Crows as Pets: Is It Legal to Have a Pet Crow?

Updated on September 4, 2019
EditorAnna profile image

In 2010, I started befriending the crows in my neighborhood. Every year, there's at least one new baby crow to introduce myself to.


Can I Keep a Crow as a Pet?

I know, I share the fantasy: A crow would be SUCH a COOL pet! But not only is owning or keeping a crow as a pet illegal, it's also unethical, impractical, expensive, and risky to the crow's physical and mental health. Each of these ideas is explored fully below.

Is It Legal to Keep a Crow as a Pet in the US?

In the US, all migratory birds are protected by the Migratory Bird Treaty Act. Although crows don't always migrate (only the ones who live in the coldest places do), every type of crow you might find is listed on the Department of the Interior's Federal Register of Migratory Birds. So this means that it is indeed illegal to take/possess, export/import, transport, sell/purchase, or trade any crow or any part of a crow (including its feathers) or their eggs or nests, without a permit. It's also usually illegal to hunt, kill, capture, or take them without a permit.

But what if I find the crow injured and nurse it back to health?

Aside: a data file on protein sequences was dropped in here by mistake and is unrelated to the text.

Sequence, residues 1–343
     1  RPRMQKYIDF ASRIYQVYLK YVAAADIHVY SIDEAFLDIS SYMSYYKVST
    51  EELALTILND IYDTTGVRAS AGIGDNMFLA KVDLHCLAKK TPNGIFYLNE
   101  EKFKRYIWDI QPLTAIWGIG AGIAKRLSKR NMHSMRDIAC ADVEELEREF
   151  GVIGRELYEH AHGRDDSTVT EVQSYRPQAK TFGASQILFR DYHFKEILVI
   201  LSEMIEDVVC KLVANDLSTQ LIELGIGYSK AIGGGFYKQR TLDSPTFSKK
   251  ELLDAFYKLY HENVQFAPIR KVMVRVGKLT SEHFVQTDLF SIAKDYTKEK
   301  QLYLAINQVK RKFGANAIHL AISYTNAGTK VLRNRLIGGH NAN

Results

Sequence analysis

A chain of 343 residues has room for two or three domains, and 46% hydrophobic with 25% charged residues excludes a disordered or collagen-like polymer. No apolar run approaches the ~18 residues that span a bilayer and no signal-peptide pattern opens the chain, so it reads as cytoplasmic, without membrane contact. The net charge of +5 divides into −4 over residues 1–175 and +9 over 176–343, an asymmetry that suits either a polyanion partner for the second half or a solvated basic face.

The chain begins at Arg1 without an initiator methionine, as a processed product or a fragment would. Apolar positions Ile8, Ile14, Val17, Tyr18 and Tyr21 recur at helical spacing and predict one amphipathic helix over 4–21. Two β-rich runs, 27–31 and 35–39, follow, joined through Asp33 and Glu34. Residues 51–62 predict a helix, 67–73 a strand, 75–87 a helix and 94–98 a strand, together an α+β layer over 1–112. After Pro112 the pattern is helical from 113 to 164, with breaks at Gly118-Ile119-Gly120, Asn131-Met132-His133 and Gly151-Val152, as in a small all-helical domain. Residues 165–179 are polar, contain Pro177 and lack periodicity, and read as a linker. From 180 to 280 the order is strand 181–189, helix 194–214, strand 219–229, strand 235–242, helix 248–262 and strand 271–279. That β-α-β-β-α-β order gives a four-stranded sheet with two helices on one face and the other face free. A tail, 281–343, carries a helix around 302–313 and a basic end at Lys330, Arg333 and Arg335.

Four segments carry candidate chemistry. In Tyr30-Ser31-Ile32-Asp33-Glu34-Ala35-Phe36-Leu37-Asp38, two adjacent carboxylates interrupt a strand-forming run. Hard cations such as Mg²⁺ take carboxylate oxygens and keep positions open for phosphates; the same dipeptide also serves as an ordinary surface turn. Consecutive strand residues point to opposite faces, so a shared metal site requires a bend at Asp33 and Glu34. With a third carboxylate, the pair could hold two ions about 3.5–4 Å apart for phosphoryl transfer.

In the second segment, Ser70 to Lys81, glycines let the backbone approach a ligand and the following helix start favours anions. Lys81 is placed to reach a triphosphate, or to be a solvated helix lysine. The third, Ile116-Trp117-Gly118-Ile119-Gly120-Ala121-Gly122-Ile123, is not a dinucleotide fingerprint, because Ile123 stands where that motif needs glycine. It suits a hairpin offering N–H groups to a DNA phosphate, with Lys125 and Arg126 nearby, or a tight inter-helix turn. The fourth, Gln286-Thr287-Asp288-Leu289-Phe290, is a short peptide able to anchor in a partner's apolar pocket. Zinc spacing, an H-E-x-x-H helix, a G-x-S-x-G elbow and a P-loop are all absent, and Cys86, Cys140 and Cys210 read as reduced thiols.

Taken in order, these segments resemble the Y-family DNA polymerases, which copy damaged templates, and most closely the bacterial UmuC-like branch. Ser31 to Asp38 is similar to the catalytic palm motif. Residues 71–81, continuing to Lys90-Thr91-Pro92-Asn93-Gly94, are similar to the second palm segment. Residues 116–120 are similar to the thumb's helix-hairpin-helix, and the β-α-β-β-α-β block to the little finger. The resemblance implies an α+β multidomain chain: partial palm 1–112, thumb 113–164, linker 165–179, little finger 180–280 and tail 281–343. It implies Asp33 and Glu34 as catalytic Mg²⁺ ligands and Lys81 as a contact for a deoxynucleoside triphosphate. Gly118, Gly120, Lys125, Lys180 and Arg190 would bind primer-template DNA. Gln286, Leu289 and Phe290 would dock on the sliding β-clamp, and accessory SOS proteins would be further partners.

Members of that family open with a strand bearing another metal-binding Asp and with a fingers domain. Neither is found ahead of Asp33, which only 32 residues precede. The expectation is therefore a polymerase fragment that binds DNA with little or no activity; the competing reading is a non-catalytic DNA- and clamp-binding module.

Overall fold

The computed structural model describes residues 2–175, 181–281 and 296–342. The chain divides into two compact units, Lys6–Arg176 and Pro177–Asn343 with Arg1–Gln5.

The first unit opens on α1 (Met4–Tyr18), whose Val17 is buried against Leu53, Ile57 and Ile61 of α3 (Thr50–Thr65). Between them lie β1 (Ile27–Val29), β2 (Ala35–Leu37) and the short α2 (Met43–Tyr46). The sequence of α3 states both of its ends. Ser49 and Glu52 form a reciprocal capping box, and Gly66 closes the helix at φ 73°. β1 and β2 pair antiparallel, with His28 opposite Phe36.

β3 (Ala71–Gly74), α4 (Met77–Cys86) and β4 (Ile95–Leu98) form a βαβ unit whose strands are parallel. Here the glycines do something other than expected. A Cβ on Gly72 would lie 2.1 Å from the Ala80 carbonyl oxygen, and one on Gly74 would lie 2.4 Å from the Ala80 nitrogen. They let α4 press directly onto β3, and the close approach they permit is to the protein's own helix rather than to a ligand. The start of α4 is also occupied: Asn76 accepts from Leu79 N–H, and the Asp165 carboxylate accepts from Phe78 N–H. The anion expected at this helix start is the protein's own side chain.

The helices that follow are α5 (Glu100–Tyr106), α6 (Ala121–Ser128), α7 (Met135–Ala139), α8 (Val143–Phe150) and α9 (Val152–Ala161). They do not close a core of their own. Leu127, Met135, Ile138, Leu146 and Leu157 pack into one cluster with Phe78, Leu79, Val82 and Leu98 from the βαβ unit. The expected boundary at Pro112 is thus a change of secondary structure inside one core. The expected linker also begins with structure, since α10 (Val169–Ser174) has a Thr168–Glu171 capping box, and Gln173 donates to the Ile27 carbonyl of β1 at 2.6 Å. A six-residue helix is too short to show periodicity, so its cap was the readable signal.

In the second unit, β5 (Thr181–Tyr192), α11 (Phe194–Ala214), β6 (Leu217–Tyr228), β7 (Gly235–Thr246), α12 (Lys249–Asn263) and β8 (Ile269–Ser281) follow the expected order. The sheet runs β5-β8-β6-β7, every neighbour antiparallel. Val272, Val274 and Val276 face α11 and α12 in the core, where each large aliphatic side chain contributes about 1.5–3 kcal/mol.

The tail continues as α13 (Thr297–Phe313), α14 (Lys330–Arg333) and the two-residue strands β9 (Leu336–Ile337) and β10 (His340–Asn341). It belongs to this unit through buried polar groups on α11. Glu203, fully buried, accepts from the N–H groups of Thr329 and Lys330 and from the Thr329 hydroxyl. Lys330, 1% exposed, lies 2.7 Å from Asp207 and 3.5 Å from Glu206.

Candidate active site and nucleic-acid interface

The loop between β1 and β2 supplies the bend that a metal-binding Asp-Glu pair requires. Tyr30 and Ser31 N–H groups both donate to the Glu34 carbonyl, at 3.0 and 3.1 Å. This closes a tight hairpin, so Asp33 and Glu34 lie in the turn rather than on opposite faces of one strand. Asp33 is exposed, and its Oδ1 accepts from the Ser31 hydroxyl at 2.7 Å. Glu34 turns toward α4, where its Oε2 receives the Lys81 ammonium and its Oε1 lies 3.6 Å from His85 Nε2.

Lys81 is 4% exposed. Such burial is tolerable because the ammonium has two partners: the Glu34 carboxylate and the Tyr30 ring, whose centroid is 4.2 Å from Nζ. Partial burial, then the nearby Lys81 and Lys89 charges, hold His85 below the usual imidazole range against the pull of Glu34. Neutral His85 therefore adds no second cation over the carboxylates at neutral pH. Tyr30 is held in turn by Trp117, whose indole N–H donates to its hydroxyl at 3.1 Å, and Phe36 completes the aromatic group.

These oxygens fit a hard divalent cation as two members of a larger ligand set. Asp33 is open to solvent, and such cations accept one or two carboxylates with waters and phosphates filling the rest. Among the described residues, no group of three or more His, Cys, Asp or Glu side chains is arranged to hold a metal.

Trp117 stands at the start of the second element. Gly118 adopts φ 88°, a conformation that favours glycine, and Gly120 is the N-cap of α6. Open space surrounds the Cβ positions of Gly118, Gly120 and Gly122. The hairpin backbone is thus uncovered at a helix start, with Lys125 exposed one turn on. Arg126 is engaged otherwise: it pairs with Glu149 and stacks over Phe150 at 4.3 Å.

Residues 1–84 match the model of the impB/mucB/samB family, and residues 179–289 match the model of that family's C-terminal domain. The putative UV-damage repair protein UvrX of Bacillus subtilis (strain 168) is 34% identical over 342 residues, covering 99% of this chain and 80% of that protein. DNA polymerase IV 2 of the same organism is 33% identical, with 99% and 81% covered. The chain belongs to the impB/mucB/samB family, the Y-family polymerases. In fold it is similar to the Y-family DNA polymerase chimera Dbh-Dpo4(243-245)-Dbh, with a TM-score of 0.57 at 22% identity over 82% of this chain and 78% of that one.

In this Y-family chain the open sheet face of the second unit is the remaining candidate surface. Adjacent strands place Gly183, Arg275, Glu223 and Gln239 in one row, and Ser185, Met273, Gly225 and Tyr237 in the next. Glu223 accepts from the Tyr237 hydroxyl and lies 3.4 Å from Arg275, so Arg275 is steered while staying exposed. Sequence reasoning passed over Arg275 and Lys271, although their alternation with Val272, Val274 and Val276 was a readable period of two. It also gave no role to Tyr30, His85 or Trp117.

You are never supposed to take a crow in, no matter what, even if it's wounded. Even if the crow approaches you, first! If you find a crow that needs help, call your local Wildlife Protective Services.

But what if I find an abandoned crow that needs help?

First, you don't know for sure that crow was abandoned. It might be a fledgling whose parents are out foraging for food to feed it. It is always illegal to keep or contain a native crow, no matter how much you want or care for it. If in doubt, call your local Wildlife Protective Services.

What if I break the law and take a crow as a pet?

You could be charged with a felony for the possession of a crow. It's unlikely (but not impossible!) that they'd press criminal charges, but you'd probably at the very least be fined and penalized. After all, the laws are there for a reason. Hopefully, they'll make you stop and think your motives through. A crow is a wild animal, not a pet. By taking it out of its habitat and away from its family, you'd be endangering the bird.

Taking a wild thing and putting it into a cage is simply unethical and unkind. Especially a small cage, especially without the constant care and supervision it would need, and especially since you won't be able to offer it medical treatment (no vet would risk their license to treat your illegal crow). So if it ever got sick, it would be entirely your responsibility.